{Throwback Thursday} The Thomas Hart Benton monument at the intersection of St. John Ave., Gladstone and Benton Boulevards on the Concourse, was dedicated to Senator Thomas Hart Benton, not to his great-nephew, the artist of the same name. At present, the two plaques associated with the monument are not on the rock upon which they were placed in 1915. One of the plaques was stolen a few years ago and the other, the one shown in the photograph, is in the office of Kansas City Parks and Recreation. Plans are to clean and reinstall the plaque held by KCPR and to replicate the stolen plaque and install it.Senator Thomas Hart Benton (1782-1858) represented the state of Missouri in the United States Senate from 1821 (the year that Missouri became a state) until 1851 and served one term in the United States House of Representatives from 1853 until 1855. In the late 1800s and early 1900s, the Senator was held in high regard for seeing the potential of westward expansion. More specific to the Kansas City area, a speech that he made in 1852 was something very well known in the Kansas City area when his monument was proposed by a local Daughters of the American Revolution chapter in 1913.The Thomas Hart Benton monument was erected through the efforts of Mrs. H. J. S. Seely and a committee of the Elizabeth Benton Chapter of the DAR. Local architect John Van Brunt designed the memorial and plaques, and the bronze plates were made by John Williams & Co. of New York. It was dedicated on Nov. 20, 1915. In 1852 while standing on a rock near the Missouri River bluffs on the north side of the Missouri River, Senator Benton’s prediction for the future of what is now Kansas City was: Here where these rocky bluffs meet and turn aside the sweeping current of this mighty river; here where the Missouri, after pursuing her southern course for nearly two thousand miles, turns eastward to meet the Mississippi, a great manufacturing and commercial community will congregate and less than a generation will see a great city. Benton Boulevard was also named after Senator Benton. #KCParks125 #TBT #FromTheArchives

{Throwback Thursday} The Thomas Hart Benton monument at the intersection of St. John Ave., Gladstone and Benton Boulevards on the Concourse, was dedicated to Senator Thomas Hart Benton, not to his great-nephew, the artist of the same name. At present, the two plaques associated with the monument are not on the rock upon which they were placed in 1915. One of the plaques was stolen a few years ago and the other, the one shown in the photograph, is in the office of Kansas City Parks and Recreation. Plans are to clean and reinstall the plaque held by KCPR and to replicate the stolen plaque and install it.Senator Thomas Hart Benton (1782-1858) represented the state of Missouri in the United States Senate from 1821 (the year that Missouri became a state) until 1851 and served one term in the United States House of Representatives from 1853 until 1855. In the late 1800s and early 1900s, the Senator was held in high regard for seeing the potential of westward expansion. More specific to the Kansas City area, a speech that he made in 1852 was something very well known in the Kansas City area when his monument was proposed by a local Daughters of the American Revolution chapter in 1913.The Thomas Hart Benton monument was erected through the efforts of Mrs. H. J. S. Seely and a committee of the Elizabeth Benton Chapter of the DAR.  Local architect John Van Brunt designed the memorial and plaques, and the bronze plates were made by John Williams & Co. of New York. It was dedicated on Nov. 20, 1915. In 1852 while standing on a rock near the Missouri River bluffs on the north side of the Missouri River, Senator Benton’s prediction for the future of what is now Kansas City was:  Here where these rocky bluffs meet and turn aside the sweeping current of this  mighty river; here where the Missouri, after pursuing her southern course for nearly  two thousand miles, turns eastward to meet the Mississippi, a great manufacturing  and commercial community will congregate and less than a generation will see a great  city. Benton Boulevard was also named after Senator Benton. #KCParks125 #TBT #FromTheArchives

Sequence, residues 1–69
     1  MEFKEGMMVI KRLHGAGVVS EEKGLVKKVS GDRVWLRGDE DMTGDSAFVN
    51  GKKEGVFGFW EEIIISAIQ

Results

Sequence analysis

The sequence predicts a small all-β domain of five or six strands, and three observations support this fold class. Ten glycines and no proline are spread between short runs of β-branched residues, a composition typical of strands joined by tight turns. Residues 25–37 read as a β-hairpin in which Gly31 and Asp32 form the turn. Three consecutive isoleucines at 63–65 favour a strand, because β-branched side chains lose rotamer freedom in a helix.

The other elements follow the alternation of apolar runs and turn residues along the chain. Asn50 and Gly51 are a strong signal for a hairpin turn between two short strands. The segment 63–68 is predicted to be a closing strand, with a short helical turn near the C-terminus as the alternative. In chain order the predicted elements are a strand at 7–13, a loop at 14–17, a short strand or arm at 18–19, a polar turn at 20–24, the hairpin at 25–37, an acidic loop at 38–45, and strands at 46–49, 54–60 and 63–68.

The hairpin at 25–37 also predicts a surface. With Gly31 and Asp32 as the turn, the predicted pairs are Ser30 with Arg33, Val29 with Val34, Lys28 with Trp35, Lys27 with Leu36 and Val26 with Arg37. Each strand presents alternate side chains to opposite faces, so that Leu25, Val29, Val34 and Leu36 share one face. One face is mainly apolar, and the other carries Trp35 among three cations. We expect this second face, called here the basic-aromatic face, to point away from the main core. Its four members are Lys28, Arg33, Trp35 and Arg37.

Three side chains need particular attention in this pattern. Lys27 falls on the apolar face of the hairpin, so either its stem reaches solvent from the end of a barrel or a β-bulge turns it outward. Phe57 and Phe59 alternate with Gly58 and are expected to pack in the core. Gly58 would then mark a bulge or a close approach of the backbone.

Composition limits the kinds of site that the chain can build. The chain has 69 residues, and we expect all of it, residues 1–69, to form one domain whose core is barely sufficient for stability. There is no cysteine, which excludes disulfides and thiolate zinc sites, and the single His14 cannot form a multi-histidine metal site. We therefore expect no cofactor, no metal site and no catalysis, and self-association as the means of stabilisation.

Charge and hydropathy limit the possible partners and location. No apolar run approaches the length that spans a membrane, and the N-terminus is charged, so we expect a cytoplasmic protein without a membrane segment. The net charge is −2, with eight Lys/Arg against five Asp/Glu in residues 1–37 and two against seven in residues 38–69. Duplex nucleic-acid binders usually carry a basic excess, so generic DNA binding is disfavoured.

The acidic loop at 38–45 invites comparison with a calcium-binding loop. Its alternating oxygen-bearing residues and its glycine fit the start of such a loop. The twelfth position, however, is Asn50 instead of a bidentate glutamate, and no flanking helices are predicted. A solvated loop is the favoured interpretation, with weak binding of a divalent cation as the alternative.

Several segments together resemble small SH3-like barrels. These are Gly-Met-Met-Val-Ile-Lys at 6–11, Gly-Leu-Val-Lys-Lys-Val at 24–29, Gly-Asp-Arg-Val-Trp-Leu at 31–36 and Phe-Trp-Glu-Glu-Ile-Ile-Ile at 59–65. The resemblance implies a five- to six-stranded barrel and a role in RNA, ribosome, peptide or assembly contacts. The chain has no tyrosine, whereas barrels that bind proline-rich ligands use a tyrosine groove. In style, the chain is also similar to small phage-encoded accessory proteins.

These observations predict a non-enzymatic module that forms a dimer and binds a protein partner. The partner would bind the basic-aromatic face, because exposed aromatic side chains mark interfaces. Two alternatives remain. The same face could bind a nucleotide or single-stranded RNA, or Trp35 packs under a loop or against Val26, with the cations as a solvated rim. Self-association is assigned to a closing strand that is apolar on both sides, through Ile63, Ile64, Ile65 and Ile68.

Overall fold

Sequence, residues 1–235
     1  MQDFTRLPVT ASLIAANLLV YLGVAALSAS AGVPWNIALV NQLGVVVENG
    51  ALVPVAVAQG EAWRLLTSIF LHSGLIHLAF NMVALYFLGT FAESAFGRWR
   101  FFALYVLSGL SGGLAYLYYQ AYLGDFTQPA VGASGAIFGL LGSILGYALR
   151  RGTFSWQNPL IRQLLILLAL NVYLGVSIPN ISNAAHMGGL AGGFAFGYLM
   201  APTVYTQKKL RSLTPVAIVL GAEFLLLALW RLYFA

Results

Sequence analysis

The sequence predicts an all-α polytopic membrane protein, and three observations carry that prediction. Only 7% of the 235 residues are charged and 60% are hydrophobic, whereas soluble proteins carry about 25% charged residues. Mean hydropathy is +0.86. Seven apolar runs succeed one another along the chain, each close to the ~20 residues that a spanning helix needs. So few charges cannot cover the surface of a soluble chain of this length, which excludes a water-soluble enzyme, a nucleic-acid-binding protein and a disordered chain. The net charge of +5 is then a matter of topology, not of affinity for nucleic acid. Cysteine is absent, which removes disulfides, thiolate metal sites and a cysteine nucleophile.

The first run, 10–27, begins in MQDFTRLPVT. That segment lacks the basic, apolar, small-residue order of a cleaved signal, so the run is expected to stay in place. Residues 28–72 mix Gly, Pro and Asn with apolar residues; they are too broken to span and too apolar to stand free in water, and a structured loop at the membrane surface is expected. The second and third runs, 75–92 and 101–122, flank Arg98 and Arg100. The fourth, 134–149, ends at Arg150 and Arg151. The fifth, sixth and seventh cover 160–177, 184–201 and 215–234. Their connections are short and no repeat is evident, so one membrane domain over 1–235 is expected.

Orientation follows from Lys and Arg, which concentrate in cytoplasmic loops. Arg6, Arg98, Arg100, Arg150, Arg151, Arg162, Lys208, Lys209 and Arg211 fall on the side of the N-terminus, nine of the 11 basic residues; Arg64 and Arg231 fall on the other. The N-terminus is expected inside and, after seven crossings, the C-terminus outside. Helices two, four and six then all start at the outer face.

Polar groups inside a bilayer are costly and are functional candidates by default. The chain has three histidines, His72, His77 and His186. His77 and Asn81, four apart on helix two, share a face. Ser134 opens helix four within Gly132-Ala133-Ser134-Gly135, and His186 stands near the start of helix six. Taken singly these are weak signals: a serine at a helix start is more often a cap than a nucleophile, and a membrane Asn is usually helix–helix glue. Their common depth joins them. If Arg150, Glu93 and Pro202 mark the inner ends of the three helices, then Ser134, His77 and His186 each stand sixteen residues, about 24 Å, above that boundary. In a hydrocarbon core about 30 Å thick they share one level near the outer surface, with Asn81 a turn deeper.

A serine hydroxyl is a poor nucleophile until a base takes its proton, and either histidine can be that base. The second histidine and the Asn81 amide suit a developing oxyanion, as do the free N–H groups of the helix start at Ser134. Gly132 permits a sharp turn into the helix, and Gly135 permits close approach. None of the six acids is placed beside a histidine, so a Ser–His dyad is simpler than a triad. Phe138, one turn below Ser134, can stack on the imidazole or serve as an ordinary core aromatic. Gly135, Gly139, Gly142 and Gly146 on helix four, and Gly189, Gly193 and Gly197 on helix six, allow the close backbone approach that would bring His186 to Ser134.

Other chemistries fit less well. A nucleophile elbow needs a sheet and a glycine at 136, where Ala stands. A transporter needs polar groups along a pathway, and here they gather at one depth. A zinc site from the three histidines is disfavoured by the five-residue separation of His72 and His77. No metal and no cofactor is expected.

{Throwback Thursday} The Thomas Hart Benton monument at the intersection of St. John Ave., Gladstone and Benton Boulevards on the Concourse, was dedicated to Senator Thomas Hart Benton, not to his great-nephew, the artist of the same name. At present, the two plaques associated with the monument are not on the rock upon which they were placed in 1915. One of the plaques was stolen a few years ago and the other, the one shown in the photograph, is in the office of Kansas City Parks and Recreation. Plans are to clean and reinstall the plaque held by KCPR and to replicate the stolen plaque and install it.Senator Thomas Hart Benton (1782-1858) represented the state of Missouri in the United States Senate from 1821 (the year that Missouri became a state) until 1851 and served one term in the United States House of Representatives from 1853 until 1855. In the late 1800s and early 1900s, the Senator was held in high regard for seeing the potential of westward expansion. More specific to the Kansas City area, a speech that he made in 1852 was something very well known in the Kansas City area when his monument was proposed by a local Daughters of the American Revolution chapter in 1913.The Thomas Hart Benton monument was erected through the efforts of Mrs. H. J. S. Seely and a committee of the Elizabeth Benton Chapter of the DAR.  Local architect John Van Brunt designed the memorial and plaques, and the bronze plates were made by John Williams & Co. of New York. It was dedicated on Nov. 20, 1915. In 1852 while standing on a rock near the Missouri River bluffs on the north side of the Missouri River, Senator Benton’s prediction for the future of what is now Kansas City was:  Here where these rocky bluffs meet and turn aside the sweeping current of this  mighty river; here where the Missouri, after pursuing her southern course for nearly  two thousand miles, turns eastward to meet the Mississippi, a great manufacturing  and commercial community will congregate and less than a generation will see a great  city. Benton Boulevard was also named after Senator Benton. #KCParks125 #TBT #FromTheArchives